Advanced digital modelling: planning smarter for better outcomes
In this article, we look at how digital modelling and technologies enable clients to test every aspect of a project before and during construction – increasing performance, productivity, and sustainability.
Proper planning prevents poor performance. It’s no secret that digital technologies can improve productivity and help the construction industry navigate disruptions and mitigate risks, but to get the full benefits they need to be deployed as an integral part of the overall construction strategy.
Therefore, how can clients use end-to-end digital modelling effectively to plan smarter, stay on track, and ultimately set themselves up for successful outcomes?
4D modelling creates confidence
Projects can be significantly de-risked through advanced 4D modelling. This allows a full digital rehearsal of the construction process prior to putting a shovel in the ground and to properly test programme logic and phase planning right through to occupation. Issues can be anticipated in greater depth – and earlier – than with traditional planning methods, minimising deviations from the programme in the delivery phase.
The role of digital modelling doesn’t stop at the planning stages though. Advances in reality capture, photogrammetry and artificial intelligence mean we can significantly change the way projects are managed and delivered, drawing on the initial model.
Through easy to use 360-degree cameras, project teams can capture accurate and progressive project information to upload, process and compare with the linked model and programme using artificial intelligence. This means confidence in the programme can be maintained throughout, via a clear and accurate overlaid narrative of progress against plans.
This technology allows us to turn 4D modelling from a pre-construction tool into a process to manage the actual operation of projects. To get these benefits, a clear digital strategy on how the programme can be effectively specified, procured and delivered – by using and linking to the information produced by the design teams – should be set early at client level before the delivery team is procured. This way the project not only benefits from a co-ordinated and linked construction programme, but by linking with reality capture we can use near time data to continuously manage progress throughout.
Take stakeholders on the journey with you
Sometimes the old ways are the best – but not for all stakeholders. Traditional methods of recording and communicating progress, such as Gantt charts, still have a place, but are not always as digestible for non-technical stakeholders.
4D sequences provide a simple, transparent and engaging way to communicate project plans to a wide range of these non-technical stakeholders, including end users.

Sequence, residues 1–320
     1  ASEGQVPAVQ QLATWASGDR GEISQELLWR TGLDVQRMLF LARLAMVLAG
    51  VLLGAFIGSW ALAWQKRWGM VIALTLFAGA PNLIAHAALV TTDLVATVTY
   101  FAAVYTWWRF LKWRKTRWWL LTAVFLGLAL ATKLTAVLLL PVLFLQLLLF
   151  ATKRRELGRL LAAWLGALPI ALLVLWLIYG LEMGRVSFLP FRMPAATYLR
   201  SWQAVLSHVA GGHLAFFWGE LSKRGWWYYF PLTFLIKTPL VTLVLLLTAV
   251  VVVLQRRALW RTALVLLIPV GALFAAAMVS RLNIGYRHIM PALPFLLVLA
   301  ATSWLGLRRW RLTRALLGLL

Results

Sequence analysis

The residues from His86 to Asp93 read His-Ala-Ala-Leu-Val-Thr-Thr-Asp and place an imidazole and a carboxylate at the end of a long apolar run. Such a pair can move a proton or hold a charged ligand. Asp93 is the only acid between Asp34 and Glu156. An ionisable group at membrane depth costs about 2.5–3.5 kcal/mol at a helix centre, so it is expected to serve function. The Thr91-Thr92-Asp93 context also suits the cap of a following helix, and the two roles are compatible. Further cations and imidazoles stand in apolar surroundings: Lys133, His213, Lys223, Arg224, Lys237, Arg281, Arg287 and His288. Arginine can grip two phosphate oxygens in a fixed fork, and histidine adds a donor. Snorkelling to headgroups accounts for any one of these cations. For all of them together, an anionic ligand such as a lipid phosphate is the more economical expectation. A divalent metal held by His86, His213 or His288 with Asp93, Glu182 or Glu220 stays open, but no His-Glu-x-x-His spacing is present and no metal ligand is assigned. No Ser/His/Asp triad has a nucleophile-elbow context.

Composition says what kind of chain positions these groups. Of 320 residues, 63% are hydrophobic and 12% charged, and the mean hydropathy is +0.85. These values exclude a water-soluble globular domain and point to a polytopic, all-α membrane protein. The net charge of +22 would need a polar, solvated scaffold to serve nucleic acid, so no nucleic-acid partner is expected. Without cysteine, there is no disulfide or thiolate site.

Progress against plans can be validated and assured by connecting directly to the digital design process, providing stakeholders with the confidence that the information they receive is as accurate and up to date as possible.
Taking stakeholders on this journey can open the door to co-creation and ensure the finished product meets end users’ needs.
Review progress and hold contractors to account
Digital programme management tools can provide a validated record of events throughout the project and demonstrate how they compare to plans. This can enable smarter management of contractors, by holding them to account against agreed plans.
Clients have the potential to avoid disputes – rather than having to resolve disputes as and when they arise – by keeping accurate records throughout construction and handover, allowing early warning and effective issue management.
It is important, to enable and promote transparency in reporting, that clients agree with contractors at the outset that these tools will be used and how they will be used. Standard and open reporting cycles should be agreed with contractors, to ensure that they are using digital reporting as intended and capturing the right information at the right intervals.
A single version of the truth
Should issues arise during or after the project, retaining digital records in one central and secure place means that the admin burden of uncovering, validating and formatting data can be greatly reduced. This could be particularly valuable in a claim scenario, equipping clients with a single, easily accessible version of the truth that can be used to support their case.
Beyond the use of 360-cameras and their output for programme and quality assurance, there is an opportunity for progressive verification using point cloud laser scanning. While it is a more time-consuming process, this level of accurate as-is data can be progressively loaded into the 3D model, to support effective change control and as-built modelling.
The technology and workflows could support future mandatory requirements, such as the Building Safety Bill and the requirement for a golden thread of information.
Increased governance, awareness and use of cloud-based common data environments – along with the development of APIs and access to these systems – is breeding a new era of technology opportunities in construction.